Wednesday, January 20, 2010

Assassin's Ramble, pt.1: Core Gameplay

About three posts ago, I mentioned wanting to ramble a bit more about Assassin's Creed. This is that ramble, and my disclaimer applies.

Improving the Experience
The reason I hesitated to write about improving the experience is because thoughts were not exactly forthcoming. At a glance, AC2 has fundamental flaws working against story immersion and core gameplay, and the game is just so large and complicated.

Gameplay
The problem with gameplay is that the core of the experience is being an assassin, but I put far too little thought into the preparation or act of it.

Arguably, murdering someone should be a simple matter for someone of Ezio's caliber. Making the act of killing simple is not necessarily a mistake given the character, at least once he reaches maturity. (Did anyone else find it weird how quickly he became the de facto master assassin?) So should this have more meat mechanically? Perhaps less so in action and more in the systems that surround it. The truth is, the mystique of the assassin is often not met because there are no systems that motivate stealth gameplay over running-and-gunning. Oddly, the opposite is sometimes true (e.g., you have to spend money to get NPCs to distract guards, while murdering them all in plain sight and robbing a bank is faster and less costly). And this is not necessarily an issue of the combat system. Combat is a bit boring but I disassociate it with assassination, and is probably not a core enough feature to spend a lot more energy on.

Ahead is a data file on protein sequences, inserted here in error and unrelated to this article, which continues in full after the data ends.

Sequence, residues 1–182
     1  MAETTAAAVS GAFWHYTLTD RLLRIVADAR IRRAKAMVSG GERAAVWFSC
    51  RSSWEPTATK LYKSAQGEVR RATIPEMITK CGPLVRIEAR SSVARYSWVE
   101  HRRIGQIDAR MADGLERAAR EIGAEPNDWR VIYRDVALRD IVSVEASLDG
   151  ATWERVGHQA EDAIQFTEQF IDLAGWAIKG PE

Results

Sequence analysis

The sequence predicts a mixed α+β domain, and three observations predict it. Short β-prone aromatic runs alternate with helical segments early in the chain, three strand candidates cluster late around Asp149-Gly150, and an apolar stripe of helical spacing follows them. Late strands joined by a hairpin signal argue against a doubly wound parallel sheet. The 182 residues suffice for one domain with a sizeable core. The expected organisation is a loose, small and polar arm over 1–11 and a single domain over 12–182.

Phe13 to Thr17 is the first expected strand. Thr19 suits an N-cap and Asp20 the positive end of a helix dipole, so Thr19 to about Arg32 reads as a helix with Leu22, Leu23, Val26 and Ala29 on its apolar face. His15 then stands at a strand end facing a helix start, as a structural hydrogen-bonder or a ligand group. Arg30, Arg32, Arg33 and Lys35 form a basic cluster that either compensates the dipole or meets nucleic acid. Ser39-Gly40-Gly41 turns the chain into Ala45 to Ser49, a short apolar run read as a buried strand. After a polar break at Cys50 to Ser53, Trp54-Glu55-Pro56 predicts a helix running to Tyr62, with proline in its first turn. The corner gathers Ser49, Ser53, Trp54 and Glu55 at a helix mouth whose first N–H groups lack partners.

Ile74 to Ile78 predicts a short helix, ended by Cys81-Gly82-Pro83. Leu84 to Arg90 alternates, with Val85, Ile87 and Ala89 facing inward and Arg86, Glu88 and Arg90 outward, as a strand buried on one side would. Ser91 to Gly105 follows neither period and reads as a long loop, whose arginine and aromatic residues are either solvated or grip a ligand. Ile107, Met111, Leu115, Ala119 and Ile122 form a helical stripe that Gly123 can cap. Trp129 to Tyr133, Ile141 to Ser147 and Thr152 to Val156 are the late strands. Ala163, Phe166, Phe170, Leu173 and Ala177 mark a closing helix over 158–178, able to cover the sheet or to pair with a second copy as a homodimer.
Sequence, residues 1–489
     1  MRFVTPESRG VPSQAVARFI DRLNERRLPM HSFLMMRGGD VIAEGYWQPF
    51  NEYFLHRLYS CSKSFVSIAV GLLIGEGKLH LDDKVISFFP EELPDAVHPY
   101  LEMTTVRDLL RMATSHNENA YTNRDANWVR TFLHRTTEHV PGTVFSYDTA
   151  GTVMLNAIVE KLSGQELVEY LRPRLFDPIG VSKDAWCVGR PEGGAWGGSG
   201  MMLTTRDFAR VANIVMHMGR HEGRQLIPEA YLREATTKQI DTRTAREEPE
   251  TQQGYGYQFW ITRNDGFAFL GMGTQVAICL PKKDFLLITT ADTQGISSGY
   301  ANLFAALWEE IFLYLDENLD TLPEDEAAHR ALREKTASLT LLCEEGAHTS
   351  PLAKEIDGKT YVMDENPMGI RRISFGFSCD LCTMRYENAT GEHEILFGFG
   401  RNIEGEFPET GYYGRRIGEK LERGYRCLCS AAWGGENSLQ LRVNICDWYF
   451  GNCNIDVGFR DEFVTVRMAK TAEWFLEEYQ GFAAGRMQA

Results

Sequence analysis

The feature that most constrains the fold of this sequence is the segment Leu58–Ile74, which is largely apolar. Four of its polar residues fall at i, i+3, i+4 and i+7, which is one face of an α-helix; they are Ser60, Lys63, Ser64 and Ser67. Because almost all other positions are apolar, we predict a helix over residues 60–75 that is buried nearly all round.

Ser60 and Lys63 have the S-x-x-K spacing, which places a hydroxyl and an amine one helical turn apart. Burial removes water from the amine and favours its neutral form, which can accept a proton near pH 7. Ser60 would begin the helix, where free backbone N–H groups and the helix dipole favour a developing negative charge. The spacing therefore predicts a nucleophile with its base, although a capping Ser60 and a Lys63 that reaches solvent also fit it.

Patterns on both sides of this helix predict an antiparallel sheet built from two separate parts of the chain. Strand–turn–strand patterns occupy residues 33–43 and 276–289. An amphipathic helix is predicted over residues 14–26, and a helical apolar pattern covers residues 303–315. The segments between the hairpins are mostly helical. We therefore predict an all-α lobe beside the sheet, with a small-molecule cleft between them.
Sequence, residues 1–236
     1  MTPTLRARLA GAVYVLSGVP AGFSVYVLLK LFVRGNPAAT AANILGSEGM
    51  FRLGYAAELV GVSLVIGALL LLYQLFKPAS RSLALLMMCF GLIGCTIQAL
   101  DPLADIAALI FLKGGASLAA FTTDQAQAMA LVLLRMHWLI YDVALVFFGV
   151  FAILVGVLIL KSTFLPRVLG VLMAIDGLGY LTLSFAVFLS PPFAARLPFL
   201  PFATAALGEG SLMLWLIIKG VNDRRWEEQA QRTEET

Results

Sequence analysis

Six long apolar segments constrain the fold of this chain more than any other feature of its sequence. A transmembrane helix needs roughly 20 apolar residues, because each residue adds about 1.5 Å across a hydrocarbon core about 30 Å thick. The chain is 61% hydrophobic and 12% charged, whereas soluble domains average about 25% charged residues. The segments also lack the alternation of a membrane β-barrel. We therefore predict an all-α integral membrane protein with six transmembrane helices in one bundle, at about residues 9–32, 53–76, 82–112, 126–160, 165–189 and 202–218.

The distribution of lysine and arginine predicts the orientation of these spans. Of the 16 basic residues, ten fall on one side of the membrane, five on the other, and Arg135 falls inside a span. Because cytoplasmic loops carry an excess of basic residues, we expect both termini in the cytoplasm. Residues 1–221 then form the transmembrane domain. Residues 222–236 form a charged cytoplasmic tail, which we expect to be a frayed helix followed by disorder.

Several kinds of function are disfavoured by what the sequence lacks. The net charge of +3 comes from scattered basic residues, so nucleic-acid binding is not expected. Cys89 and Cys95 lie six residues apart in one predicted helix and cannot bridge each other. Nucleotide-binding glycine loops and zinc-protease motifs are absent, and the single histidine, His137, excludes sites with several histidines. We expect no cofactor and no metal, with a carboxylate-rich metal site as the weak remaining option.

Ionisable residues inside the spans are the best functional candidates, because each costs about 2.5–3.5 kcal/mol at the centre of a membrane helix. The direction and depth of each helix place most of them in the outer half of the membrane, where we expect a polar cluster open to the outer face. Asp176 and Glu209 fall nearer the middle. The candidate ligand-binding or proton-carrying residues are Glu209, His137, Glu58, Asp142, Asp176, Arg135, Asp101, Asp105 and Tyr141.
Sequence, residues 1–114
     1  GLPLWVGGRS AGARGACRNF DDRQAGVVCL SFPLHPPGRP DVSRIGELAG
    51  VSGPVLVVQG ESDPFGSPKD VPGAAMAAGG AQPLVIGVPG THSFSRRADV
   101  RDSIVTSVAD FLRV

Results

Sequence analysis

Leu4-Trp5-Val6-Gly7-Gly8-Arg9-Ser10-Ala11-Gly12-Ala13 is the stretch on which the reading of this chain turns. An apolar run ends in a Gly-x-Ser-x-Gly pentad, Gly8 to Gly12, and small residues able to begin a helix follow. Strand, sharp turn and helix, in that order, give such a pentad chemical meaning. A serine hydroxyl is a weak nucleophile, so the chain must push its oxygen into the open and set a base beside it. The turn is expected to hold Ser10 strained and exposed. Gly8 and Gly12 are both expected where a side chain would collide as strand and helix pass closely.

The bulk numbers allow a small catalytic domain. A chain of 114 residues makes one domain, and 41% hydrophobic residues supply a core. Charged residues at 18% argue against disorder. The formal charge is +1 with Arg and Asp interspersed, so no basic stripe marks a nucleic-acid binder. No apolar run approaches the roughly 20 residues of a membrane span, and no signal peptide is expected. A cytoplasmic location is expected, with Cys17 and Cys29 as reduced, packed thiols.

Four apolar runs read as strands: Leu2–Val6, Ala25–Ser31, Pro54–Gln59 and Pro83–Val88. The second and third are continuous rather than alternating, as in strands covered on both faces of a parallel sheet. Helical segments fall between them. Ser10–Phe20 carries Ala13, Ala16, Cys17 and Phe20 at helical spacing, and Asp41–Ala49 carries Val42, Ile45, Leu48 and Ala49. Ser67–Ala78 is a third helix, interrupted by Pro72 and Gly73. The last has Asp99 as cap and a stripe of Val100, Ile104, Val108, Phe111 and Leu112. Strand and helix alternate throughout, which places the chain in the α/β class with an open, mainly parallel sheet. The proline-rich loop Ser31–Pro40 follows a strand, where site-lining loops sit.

So what about preparation? In both Assassin's Creeds, assassination involved little more than starting up the latest mission, going to a location, chasing down my target, and running away recklessly. The issue with this lack of strategy is that I hardly see the reason to be stealthy, subtle, or wait time to assassinate anyone, and it highlights that most of what I'm doing between major plot points is just nonsense. But the problem with planning is that immersion snaps when plans fail and you redo missions, with all of the pieces set right back in place again (and making this dynamic is extremely difficult).

The solution, then, may have less to do with adjusting the core mechanic. More can and probably should be done to motivate actions that embrace the mystique of the assassin (stealthy murder) over the smack-and-go actions that you default to without consequence. But a more effective approach to improve immersion may simply be to improve the reasons behind the busywork leading up to each kill.

This means story. More on that next.

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